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21 GRAMS It takes about 15 minutes to start to make sense out of what’s going on in this movie because director Alejandro González Iñárritu, screenwriter Guillermo Arriaga and editor Stephen Mirrione have taken disparate, discrete units of footage of varying length, thrown them up in the air, then picked them up and strung them together in what seems to be no order at all. The first glance is soon superceded by second and third and fourth and fifth glances, until the bits of film begin to take shape in a pattern that imposes a considerable degree of narrative logic, though far from 100 percent. The stories of interlocking lives of three men and three women emerge. The men are Jack Jordan (Benicio Del Toro), a high-strung, authoritarian ex-convict and born-again Christian, scrabbling to keep his family together; Paul Rivers (Sean Penn), a mathematics professor with a wandering eye, a worn-out marriage, and a worn-out heart that will kill him within weeks if not replaced by a transplant; and Michael Peck (Danny Houston), an architect, nice guy, good husband, daddy of two young daughters. The women are Jack’s equally high-strung wife Marianne (Melissa Leo); Paul’s uptight insemination-seeking, insecure wife Mary (Charlotte Gainsbourg); and Michael’s sweet, trim, appealing wife Christina (Naomi Watts), whose well-turned out exterior covers a now well buried proclivity for substance and alcohol abuse. A disaster that happens in one blinding instant sets all these separate lives pin wheeling and vectoring together in fateful – or fated – fusion. Playing citywide. (J. Tallmer)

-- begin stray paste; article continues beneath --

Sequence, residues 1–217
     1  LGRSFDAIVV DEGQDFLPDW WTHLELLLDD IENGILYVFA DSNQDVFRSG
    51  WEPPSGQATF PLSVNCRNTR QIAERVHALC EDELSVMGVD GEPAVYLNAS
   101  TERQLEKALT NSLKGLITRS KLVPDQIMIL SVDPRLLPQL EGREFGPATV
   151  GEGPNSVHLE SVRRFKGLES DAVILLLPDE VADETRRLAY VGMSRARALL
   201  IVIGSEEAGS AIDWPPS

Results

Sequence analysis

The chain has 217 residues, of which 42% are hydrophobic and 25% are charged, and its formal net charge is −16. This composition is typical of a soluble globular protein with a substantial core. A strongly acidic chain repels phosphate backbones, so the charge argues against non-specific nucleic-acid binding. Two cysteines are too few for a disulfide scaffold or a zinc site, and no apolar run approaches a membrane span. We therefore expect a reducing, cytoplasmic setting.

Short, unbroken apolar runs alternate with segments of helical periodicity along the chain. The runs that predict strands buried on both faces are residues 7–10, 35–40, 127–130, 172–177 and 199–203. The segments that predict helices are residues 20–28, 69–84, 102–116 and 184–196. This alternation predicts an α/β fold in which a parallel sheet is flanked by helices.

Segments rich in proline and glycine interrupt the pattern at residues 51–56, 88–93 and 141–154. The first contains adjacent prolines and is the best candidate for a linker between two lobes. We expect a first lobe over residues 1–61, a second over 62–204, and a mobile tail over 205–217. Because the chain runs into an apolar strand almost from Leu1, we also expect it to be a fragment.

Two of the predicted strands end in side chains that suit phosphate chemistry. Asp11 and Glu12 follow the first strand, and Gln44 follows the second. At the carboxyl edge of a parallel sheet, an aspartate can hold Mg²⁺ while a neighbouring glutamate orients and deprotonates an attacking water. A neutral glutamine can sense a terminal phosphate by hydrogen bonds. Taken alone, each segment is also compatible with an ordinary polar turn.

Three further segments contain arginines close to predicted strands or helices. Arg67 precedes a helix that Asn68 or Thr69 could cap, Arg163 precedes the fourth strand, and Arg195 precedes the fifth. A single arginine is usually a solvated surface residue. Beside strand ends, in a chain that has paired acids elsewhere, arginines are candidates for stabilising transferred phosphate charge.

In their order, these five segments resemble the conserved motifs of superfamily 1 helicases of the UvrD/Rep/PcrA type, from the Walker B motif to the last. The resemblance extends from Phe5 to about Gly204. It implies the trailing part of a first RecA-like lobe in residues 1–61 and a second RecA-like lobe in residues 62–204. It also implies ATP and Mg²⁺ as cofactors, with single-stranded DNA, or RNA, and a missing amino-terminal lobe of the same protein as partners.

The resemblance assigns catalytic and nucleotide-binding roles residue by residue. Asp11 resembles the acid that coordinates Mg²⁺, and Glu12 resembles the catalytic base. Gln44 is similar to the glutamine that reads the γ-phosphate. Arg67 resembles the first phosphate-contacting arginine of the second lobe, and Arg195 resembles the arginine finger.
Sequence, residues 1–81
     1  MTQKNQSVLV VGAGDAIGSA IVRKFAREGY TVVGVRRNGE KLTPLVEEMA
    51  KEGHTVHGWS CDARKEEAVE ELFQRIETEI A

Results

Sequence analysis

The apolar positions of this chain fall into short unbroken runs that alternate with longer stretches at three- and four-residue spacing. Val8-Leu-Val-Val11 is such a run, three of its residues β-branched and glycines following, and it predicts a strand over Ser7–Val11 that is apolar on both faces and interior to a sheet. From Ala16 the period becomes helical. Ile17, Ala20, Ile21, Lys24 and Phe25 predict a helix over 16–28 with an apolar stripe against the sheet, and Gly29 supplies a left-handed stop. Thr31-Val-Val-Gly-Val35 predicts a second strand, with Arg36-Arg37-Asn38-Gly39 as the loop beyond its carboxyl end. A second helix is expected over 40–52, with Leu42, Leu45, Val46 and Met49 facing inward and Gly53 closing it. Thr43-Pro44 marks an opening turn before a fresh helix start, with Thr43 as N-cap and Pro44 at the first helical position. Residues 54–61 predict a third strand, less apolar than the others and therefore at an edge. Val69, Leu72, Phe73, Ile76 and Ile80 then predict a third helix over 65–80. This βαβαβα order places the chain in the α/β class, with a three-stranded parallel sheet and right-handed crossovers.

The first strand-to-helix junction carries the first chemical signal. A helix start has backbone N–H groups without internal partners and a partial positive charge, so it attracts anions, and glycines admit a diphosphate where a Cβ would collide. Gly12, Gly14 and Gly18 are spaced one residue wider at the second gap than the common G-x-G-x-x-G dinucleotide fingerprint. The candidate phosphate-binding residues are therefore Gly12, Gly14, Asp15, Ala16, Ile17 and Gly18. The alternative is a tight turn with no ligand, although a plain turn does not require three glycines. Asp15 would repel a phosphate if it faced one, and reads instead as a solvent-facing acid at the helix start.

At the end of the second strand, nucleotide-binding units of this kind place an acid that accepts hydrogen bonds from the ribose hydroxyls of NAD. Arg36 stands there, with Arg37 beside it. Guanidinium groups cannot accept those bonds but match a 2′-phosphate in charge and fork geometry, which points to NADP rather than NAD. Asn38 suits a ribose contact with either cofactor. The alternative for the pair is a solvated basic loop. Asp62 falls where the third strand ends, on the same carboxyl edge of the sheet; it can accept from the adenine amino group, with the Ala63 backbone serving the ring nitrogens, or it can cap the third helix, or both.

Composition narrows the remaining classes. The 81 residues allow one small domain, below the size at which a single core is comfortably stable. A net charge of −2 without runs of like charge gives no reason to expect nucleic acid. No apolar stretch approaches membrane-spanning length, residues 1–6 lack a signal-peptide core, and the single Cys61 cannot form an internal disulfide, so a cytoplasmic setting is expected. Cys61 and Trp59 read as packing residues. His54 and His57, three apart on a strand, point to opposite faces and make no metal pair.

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THE BARBARIAN INVASIONS Rémy is an unapologetic, libertine socialist. Sébastien, his estranged son, is a technocratic capitalist. Can they find common ground in a time of crisis? That’s the central dilemma that propels the new French-Canadian film “The Barbarian Invasions,” a heart-tugging crowd-pleaser at the 2003 Cannes Film Festival. In less capable hands, such a sitcom-esque premise might make for a saccharine, tedious enterprise. But Denys Arcand, Canada’s most acclaimed writer/director, manages to infuse the material with rare warmth and textured panache, turning out a tender meditation on the myriad wild forces that make life wondrous… and frustrating. “The Barbarian Invasions” is actually a sequel of sorts, reuniting characters, and many of the same actors, from Arcand’s phenomenal 1986 film, “The Decline of the American Empire.” A lot of water has gushed under the bridge in the 17 years since these idealistic, sexually liberated friends loved and laughed together. Somehow, they’ve managed to mature and regress at the same time, much to our amusement. The film opens in the overburdened government hospital in Quebec where Rémy has landed. Morose patients on gurneys pack the halls. Webs of electric cords hemorrhage from the disheveled dropped ceilings. Only 51, the cantankerously passionate Rémy (played to snarky perfection by Rémy Girard) is too young to die and he knows it. He wrestles with the meaning of his life with convoluted recrimination. “I’m a total failure,” he laments. Landmark Sunshine and Lincoln Plaza. (D. Kennerley)